NICE 2013 CS Quality Standard
The organization "electivecesarean.com" registered as a Stakeholder for the NICE Caesarean Section Quality Standards, and as such, its founder Pauline Hull was involved in providing comments and feedback on its draft during a consultation period spanning December 21, 2012 to January 24, 2013. The evidence submitted and proposed changes to the text can be read below. The final version of the Quality Standards was published on June 11, 2013 and our press release can be read here.  

 

*June 11, 2013
QS32 Caesarean section Quality Standards published.

January 24, 2013
Quality Standard Consultation Comments submitted from various Stakeholder organisations. 
To view electivecesarean's comments in one document, please request this via Contact us, above. 

December 21, 2012 
Caesarean section draft Quality Standard published.

WHAT IS MOST WELCOME FROM THE QUALITY STATEMENTS (with my emphasis)

 
·         Overview: “A person-centred approach to provision of services is fundamental…”
 
·         QS 2 Maternal request for a caesarean section: maternity team involvement: “The purpose of this statement is to inform decisions about the plannedmode of birth. It is important that the woman can talk to the most relevant member of the maternity team… It is important that access to members of the maternity team is possible at any point during the woman’s pregnancy and promptly arranged following a requestOutcome measure: “Women’s satisfaction with the process of discussing options with the maternity team.” Definitions: “The core membership of the maternity team should include a midwife, an obstetrician and an anaesthetist.”
 
·         QS 1 VBAC: “Pregnant women who have had 1 or more previous caesarean section have a documented discussion of the option to plan a vaginal birth.” i.e. it is not compulsory.
 
·         Q 4 Definitions. Pregnant women who may require a planned caesarean section have consultant involvement in decision-making: “This includes both women who have clinical indications… and women who request a caesarean section when there are no clinical indications.
 
·         QS 3 Pregnant women who request a caesarean section because of anxiety about childbirth are offered a referral to a healthcare professional with expertise in perinatal mental health support
 
·         QS 5 Timing of planned caesarean section: The woman should be given a specific day and time at which the caesarean section will be performed. A model for delivering planned caesarean section is for services to have dedicated planned caesarean section lists. The lists should have protected surgical and anaesthetic time and appropriate staffing to ensure that planned caesarean section are not delayed because of surgical time being prioritised for emergency cases.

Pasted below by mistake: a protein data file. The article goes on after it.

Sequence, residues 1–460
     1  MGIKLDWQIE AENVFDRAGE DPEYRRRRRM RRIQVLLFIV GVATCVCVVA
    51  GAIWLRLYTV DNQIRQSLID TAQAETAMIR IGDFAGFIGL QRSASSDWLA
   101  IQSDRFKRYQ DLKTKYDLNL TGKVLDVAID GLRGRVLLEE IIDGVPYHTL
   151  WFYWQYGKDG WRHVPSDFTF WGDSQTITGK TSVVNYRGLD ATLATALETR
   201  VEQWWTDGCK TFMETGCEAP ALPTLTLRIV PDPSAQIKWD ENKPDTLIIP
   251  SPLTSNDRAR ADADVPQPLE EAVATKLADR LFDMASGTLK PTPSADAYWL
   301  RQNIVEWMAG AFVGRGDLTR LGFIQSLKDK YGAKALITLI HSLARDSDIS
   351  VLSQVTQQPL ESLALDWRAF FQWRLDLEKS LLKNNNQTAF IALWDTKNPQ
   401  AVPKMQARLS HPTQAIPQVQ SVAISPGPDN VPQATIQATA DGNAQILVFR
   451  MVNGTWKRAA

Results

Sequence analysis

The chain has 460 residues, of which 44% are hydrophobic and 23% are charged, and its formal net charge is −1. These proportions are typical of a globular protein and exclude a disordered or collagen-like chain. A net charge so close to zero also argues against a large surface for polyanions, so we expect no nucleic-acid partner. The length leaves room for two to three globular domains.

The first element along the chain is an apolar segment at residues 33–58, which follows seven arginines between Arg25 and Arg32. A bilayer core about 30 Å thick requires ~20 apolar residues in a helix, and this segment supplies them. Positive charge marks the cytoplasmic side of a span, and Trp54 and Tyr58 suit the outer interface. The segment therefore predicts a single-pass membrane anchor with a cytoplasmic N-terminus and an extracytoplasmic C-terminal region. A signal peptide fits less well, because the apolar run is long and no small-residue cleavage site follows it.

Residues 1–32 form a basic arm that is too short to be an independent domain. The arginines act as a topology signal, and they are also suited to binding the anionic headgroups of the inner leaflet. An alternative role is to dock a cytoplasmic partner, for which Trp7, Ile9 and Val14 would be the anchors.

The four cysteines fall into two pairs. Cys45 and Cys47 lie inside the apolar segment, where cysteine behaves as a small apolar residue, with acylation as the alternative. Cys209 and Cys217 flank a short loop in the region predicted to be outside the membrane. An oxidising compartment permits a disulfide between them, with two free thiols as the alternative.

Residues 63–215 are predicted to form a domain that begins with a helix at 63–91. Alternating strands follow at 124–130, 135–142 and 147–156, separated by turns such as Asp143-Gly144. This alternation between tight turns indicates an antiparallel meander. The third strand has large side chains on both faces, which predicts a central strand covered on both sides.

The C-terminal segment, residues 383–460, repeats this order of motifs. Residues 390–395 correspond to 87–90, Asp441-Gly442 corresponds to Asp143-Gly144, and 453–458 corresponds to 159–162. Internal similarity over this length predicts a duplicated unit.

·         NICE press release: She should also be able to talk to the most relevant member of the maternity team depending on her question or concern at any time during her pregnancy. A consultant should be involved in decisions surrounding caesarean sections because they are best placed to advise about the potential benefits and risks. Quote from Dr Malcolm Griffiths, Consultant Obstetrician and Gynaecologist, Luton and Dunstable Hospital and chair of this QS expert group: “…Most women want to avoid the major surgery of a caesarean section. However, it is important that the NHS ensures all women can give birth in the most appropriate way for them, and for some women, this will mean having a caesarean section...”   
 
WHAT WOULD ALSO HAVE BEEN WELCOME IN THE QUALITY STANDARD
  
·         NICE press release: While the number of caesareans “has gone up dramatically” in the last 30 years from 9% in 1980 to around 20-25% in 2013, in 2011, NICE made clear that “Many of the factors contributing to CS rates are often poorly understood. This guideline has not sought to define acceptable CS rates.”[1
 
Over the same period, rates of infant deaths have decreased significantly. The neonatal mortality rate fell by 62%, from 7.7 deaths per 1,000 live births in 1980 to 2.9 in 2010, and the perinatal mortality rate (which includes stillbirths) fell by 44% from 13.3 deaths per 1,000 total births in 1980 to 7.4 in 2010 (and in October 1992, the legal definition of a stillbirth was changed to include deaths after 24 completed weeks of gestation or more, instead of after 28 completed weeks of gestation or more; therefore improvements in perinatal mortality outcomes may be even greater.)
 
·         QS 9 Outcome: “Rates of complications in women who have had a caesarean section.” For this information to be useful, it’s essential that type of caesarean is recorded here.
 
·         QS 2 Outcome: “Women’s satisfaction with the process of discussing options with the maternity team.” Women’s satisfaction with actual birth outcomeis crucial to record here too (whether she has her maternal request CS or is persuaded to plan a vaginal birth), as is the actual number of maternal requestbirths (so that we finally know this % rate).
 
“For women requesting a CS, if after discussion and offer of support (including perinatal mental health support for women with anxiety about childbirth), a vaginal birth is still not an acceptable option, offer a planned CS. 
“An obstetrician unwilling to perform a CS should refer the woman to an obstetrician who will carry out the CS.”
“On balance, this model does not provide strong evidence to refuse a woman's request for CS on cost effectiveness grounds.” (Health Economics p.100-1 & see p.220 for £84 figure)